GreenHouse is home to students who are passionate about the relationship between people and nature. Students explore ways in which we can all use fewer natural resources and learn how to become agents of change for a more sustainable society. Members of the Green LC engage in Loyola’s initiatives to develop a more sustainable campus, explore ways that the City of Chicago is making strides toward a more sustainable city, and experience much of the nature Chicago has to offer, such as the beautiful lake front, forest preserves, and countless farmers’ markets.
In 2014-2015, GreenHouse will move to San Francisco Hall, a brand new Gold LEED Certified hall that will open this Fall. The building features a green house, clean energy laboratory, and a "green" cafe.
Activities and Programs
The community shares a vibrant relationship with Loyola's Institute of Environmental Sustainability and connects with others across campus and in the community. Students have opportunities to get involved in many of the Institute's programs and initiatives such as the Biodiesel Production Lab, Loyola Retreat and Ecology Campus, energy and waste reduction campaigns, and recycling. These are just a few engaging activities students participate in that raise awareness in the Loyola community - truly a GreenHouse community of growing sustainability.
In fall 2014, students in the GreenHouse Learning Community will take UNIV 101 together, and each student will choose one of the following two courses:
ENVS 137 Foundations of Environmental Science OR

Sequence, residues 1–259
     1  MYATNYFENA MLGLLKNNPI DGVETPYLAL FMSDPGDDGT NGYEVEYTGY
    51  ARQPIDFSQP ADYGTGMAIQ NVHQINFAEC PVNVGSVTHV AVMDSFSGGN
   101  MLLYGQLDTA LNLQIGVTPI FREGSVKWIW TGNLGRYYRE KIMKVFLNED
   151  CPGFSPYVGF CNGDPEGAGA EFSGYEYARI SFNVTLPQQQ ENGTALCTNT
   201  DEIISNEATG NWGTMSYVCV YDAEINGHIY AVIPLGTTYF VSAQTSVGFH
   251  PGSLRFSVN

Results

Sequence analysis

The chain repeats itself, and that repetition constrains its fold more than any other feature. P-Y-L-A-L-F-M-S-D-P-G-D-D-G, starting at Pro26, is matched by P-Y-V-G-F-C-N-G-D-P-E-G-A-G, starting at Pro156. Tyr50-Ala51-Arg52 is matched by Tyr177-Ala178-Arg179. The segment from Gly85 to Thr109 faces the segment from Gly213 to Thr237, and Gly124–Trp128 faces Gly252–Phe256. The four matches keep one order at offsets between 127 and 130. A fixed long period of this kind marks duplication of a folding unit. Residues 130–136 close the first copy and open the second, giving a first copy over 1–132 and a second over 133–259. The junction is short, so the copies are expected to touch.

THEO 186 Introduction to Religious Ethics
ENVS 137 begins with the basic science of the environment and builds from this into an analysis of global ecology and some of the environmental problems confronting humanity. Students will conduct on-campus projects that require gathering original data. (This course is similar to UCSF137 and is the first course for majors in Environmental Studies.) All prospective majors should take it, and non-majors are also welcome. Core Scientific Literacy Tier I
THEO 186 explores fundamental moral sources and methods in Christian ethics in dialogue with the ethical understandings of at least one other religious tradition. As religion is a powerful shaper of ideas and human action, we will examine some of the resources that different religious traditions of the world offer for promoting ecological responsibility, by seeing how they describe nature, how they evaluate nonhuman nature’s relationship to humanity, how they define “community” to include or exclude the nonhuman world, and how they relate or do not relate the “sacred” to the natural world.
In spring 2015 they will take a core second tier class in environmental science or a core philosophy class.